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May 08, 2023

Philly must repair or install 10,000 curb ramps over 15 years as part of a class action settlement

A group of disabled residents and advocacy groups sued the city over a lack of accessible sidewalks in 2019

Philadelphia has to install or repair at least 10,000 curb ramps on city sidewalks within the next 15 years as part of a federal class action settlement reached between city officials and a group of disabled residents who sued the city over its barrier-riddled sidewalks over three years ago. 

United States District Court Judge Harvey Bartle III approved the settlement last week, resolving claims that the city's sidewalks contained barriers that were in violation of the Americans with Disabilities Act. Advocates and plaintiffs in the class action lawsuit believe that the agreement provides substantial long-term improvements to the city's pedestrian infrastructure and enhances access to jobs, education and community life for Philadelphia residents with disabilities that impact their mobility.

As part of the settlement, the city must install or repair at least 10,000 curb ramps, hitting 2,000-ramp milestones every three years. All of the ramps must be repaired or installed within the next 15 years, according to the agreement. Curb ramps must be installed wherever they're missing, while existing ones must be fixed if they are noncompliant, particularly when the city constructs or alters a new street with a pedestrian walkway. 

Once installed, the curb ramps must be routinely maintained in order to ensure that they are ADA-compliant and in working condition. The city will start a Curb Ramp Request System, which allows residents to request an installation, repair or remediation at any crosswalk identified in the settlement. Each request must be investigated and fulfilled as quickly as possible, under the settlement.

Progress on the installation or remediation projects for each crosswalk will be posted on the city's website as part of the agreement. The city will also pay $1.1 million in attorney fees to the plaintiffs, which include individual disabled residents and disability rights advocate groups like Disabled in Action of Pennsylvania and Philadelphia Adapt.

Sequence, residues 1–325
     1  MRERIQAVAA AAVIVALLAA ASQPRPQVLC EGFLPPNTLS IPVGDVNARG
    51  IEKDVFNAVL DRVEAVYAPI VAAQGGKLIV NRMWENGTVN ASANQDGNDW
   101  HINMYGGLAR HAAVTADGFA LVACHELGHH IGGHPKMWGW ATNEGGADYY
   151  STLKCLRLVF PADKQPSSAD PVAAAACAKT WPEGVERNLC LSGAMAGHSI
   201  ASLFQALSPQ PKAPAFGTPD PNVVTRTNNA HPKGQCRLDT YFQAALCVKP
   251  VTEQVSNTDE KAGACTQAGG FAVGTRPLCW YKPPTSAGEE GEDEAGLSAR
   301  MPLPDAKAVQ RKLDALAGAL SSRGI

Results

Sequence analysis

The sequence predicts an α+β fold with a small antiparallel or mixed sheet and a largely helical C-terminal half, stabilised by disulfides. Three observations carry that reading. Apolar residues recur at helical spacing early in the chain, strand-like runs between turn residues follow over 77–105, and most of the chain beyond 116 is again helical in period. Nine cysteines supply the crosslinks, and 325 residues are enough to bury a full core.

"This settlement marks the beginning of holding the city of Philadelphia responsible for accessible sidewalks," plaintiff Tony Brooks said in a press release. "I am happy that the city has committed to installing, fixing, and maintaining curb ramps in communities in which we live, making sidewalks safer for the disabled community throughout Philadelphia." 

The case was first settled in October, with Bartle granting preliminary approval and sending notice to city officials. Now that the settlement agreement is finalized, Philly must begin fulfilling its obligations without any further objections from either party, according to Disability Rights Advocates, a nonprofit legal center that will monitor the city's compliance with the agreement over the 15-year settlement period. 

In his court memorandum, Bartle noted data from the United States Census Bureau that indicates more than 143,000 non-institutionalized Philly residents have an ambulatory disability and more than 49,000 residents have a vision-related disability. For wheelchair users navigating city streets, inaccessible sidewalks and crosswalks make it easy to waste time doubling back or taking detours in the city. In some cases, wheelchair users have no choice but to travel in the street alongside cars, WHYY reported. 

As a result of those issues, four disabled residents and three disability rights organizations filed the suit against the city in 2019, alleging that Philly "discriminates against residents and visitors with disabilities that affect their mobility by failing to make its sidewalks and pedestrian routes accessible to people who use wheelchairs or are blind." 

A lack of curb ramps — or insufficient or unsafe ramps — was cited as one of several issues faced by disabled residents. Additional issues detailed in the class action lawsuit included sloping and crumbling sidewalks, unsafe alternative routes during construction zones and snow piles that block sidewalk access.

The court found that this was not the first time the city has faced legal action for inaccessible sidewalks. In 1993, Kinney v. Yerusalim found the city liable for its lack of accessible sidewalks, and the city regularly upgraded its curb ramps and curb cuts until 2014, when a new city program allowed the city to make upgrades only when residents requested them. 

"Barrier free access is a civil right that for far too long has not been achieved in the city of Philadelphia," Tom Earle, CEO of Liberty Resources, Inc., one of the plaintiffs, said in a press release. "Judge Bartle's approval of our ADA class action settlement will provide a strong framework to safely improve curb ramp access at thousands of intersections, corners and sidewalks throughout all neighborhoods in our city." 

As part of the settlement, the plaintiffs have agreed to discharge all claims, allegations and complaints made about the city's response to accessible sidewalks and its compliance with the ADA.